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Robert C. Trumpbour, an associate professor of communications at Pennsylvania State University, Altoona, is the author of The New Cathedrals: Politics and Media in the History of Stadium Construction.


Kenneth Womack, dean of the Wayne D. McMurray School of Humanities and Social Sciences and a professor of English at Monmouth University, is the author of several books, including Long and Winding Roads: The Evolving Artistry of the Beatles. Mickey Herskowitz was a sportswriter and columnist for the Houston Post and the Houston Chronicle. He has written over thirty books and was a writer for George W. Bush and numerous other public figures.


Robert C. Trumpbour and Kenneth Womack

The Eighth Wonder of the World: The Life of Houston Iconic Astrodome

University of Nebraska Press

Hardcover, 978-0-8032-5545-6, 272 pages, $27.95; also available as e-book; 2016

Reviewed by Si Dunn



When it opened in April, 1965, Houston’s Astrodome was “the world’s first indoor, air-conditioned, all-weather sports stadium.” But more than that, Robert C. Trumpbour and Kenneth Womack write, the stunning structure—quickly nicknamed “the Eighth Wonder of the World — “was a unique place just to be inside, just to watch whatever was going on.” In their well-written and entertaining history of the Astrodome, they quote comedian Bob Hope as observing: “If they had a maternity ward and a cemetery, you’d never have to leave.”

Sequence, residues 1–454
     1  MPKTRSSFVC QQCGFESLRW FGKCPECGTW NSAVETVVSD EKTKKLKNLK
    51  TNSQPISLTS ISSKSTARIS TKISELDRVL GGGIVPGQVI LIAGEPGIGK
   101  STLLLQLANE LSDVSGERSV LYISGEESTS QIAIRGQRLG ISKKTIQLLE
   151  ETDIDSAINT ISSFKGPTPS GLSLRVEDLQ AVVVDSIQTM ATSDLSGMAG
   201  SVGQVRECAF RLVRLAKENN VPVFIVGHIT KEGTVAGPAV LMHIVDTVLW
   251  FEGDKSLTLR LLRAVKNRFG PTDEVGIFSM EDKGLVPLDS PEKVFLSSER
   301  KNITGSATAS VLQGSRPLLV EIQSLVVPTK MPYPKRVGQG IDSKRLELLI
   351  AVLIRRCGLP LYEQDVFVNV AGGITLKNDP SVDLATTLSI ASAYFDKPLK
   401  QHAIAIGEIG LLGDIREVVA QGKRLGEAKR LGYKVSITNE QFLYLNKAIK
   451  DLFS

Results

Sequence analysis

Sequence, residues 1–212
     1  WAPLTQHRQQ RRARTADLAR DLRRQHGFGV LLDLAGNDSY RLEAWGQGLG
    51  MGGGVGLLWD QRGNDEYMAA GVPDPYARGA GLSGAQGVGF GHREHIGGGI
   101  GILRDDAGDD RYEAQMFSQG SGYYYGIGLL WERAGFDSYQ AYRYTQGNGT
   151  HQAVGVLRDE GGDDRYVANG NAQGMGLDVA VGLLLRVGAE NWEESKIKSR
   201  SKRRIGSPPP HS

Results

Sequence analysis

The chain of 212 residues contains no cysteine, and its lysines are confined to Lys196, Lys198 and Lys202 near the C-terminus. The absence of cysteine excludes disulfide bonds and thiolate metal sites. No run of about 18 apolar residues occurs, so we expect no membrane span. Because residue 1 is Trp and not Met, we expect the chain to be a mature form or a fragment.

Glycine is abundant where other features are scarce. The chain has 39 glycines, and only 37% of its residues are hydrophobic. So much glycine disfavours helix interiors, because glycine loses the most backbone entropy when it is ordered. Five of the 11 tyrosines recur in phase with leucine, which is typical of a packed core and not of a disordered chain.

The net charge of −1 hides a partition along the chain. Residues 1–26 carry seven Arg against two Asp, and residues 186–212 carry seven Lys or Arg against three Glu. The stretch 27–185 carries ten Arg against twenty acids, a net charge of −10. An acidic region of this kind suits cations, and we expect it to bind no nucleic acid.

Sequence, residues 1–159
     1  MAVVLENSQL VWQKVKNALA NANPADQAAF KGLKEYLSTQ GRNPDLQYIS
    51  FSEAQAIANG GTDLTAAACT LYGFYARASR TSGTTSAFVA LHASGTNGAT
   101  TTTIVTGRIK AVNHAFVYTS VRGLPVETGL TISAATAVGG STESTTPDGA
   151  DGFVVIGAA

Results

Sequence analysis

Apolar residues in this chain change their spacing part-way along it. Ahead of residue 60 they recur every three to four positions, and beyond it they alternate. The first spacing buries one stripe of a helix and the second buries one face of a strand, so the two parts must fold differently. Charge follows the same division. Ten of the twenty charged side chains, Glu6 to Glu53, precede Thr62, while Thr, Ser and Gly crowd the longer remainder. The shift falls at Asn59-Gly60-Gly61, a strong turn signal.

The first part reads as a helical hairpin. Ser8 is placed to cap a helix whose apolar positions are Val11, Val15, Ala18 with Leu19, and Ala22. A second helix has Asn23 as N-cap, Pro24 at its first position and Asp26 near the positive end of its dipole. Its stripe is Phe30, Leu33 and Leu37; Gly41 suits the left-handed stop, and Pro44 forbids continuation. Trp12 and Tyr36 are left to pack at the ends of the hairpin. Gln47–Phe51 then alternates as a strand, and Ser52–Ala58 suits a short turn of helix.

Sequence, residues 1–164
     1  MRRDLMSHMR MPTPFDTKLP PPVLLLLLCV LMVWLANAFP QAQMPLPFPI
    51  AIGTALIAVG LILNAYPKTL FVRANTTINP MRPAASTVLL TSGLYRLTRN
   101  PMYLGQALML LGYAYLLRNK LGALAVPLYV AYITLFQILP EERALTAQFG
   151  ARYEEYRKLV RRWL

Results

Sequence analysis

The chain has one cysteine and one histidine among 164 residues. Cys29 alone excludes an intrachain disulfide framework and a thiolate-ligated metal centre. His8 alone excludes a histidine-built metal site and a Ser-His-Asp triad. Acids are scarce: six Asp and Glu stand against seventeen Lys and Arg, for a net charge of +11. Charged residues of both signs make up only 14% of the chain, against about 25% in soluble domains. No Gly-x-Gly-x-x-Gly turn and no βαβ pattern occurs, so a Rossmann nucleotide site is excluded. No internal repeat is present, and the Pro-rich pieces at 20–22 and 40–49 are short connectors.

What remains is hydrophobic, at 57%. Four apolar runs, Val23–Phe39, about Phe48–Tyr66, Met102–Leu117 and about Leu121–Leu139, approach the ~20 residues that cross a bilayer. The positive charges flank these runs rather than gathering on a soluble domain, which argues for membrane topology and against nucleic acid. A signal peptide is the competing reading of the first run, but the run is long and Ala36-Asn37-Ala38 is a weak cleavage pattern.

Indeed, the Astrodome was big enough to enclose and protect Major League baseball games from weather, while seating tens of thousands of fans. And an unbelievable eight trillion tons of air conditioning were needed to keep the players and fans Astrodome-cool.


The massive engineering and construction project was designed to withstand hurricane wind gusts up to 165 miles an hour. Yet soon after the Astrodome opened and the Houston Astros began playing there, “[a]t least one Houston pitcher, Hal Woodeshick, had his wife and kids stay home, just in case the ceiling collapsed,” the authors note.


In the decades that followed, the Astrodome became the site of many famous sports events, ranging from college and professional football and basketball games to tennis tournaments, boxing matches, rodeos, and even a daredevil motorcycle jump by Evel Knievel.


The Astrodome hosted the 1992 Republican National Convention, and numerous big-name entertainers also performed there. “WrestleMania unfolded in the Dome on April 1, 2001, to a crowd of 67,925 screaming fans,” the authors write. “Musician George Strait attracted an audience of 68,266 in 2002, an Astrodome record for paid attendance.”


But by then, the Astrodome was in decline, and a newer, larger domed facility, Reliant (now NRG) Stadium, was under construction next door. NRG Stadium recently hosted football’s 2017 Super Bowl.


The Eighth Wonder of the World is a solid work of sports, business, and political history. It engagingly highlights the financial and civic leaders who led the way to get the Astrodome built. It delves into sports controversies, such as how difficult it was for outfielders to see high-flying baseballs against the glare from overhead lights and windows that let in sunlight. The book also explores the rise of the bigger stadium that replaced the Astrodome. And it covers Houston’s continuing controversies over whether the Astrodome should be refurbished and brought back to life, preserved as a historical wonder, or torn down to make way for more parking.


The prevailing spirit these days seems to be that the Astrodome, site of myriad memories, will somehow live on.


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Si Dunn is an Austin novelist, screenwriter and book reviewer.


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